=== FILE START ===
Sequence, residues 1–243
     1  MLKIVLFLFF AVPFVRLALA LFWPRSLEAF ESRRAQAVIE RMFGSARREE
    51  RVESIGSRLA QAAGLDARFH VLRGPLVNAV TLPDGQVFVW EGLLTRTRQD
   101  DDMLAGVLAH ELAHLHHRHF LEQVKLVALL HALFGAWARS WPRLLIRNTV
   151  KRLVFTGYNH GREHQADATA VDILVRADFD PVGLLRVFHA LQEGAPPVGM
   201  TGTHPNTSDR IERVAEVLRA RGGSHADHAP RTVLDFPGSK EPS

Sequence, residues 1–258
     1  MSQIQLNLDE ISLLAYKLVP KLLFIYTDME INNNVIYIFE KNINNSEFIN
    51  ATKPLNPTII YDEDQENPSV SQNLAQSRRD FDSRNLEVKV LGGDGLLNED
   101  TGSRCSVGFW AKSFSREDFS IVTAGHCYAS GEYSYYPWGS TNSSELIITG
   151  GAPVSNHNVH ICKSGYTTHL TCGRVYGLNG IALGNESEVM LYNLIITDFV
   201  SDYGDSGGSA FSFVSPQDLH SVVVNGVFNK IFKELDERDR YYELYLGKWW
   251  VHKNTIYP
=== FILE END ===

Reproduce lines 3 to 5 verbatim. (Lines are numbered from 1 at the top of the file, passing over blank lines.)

    51  RVESIGSRLA QAAGLDARFH VLRGPLVNAV TLPDGQVFVW EGLLTRTRQD
   101  DDMLAGVLAH ELAHLHHRHF LEQVKLVALL HALFGAWARS WPRLLIRNTV
   151  KRLVFTGYNH GREHQADATA VDILVRADFD PVGLLRVFHA LQEGAPPVGM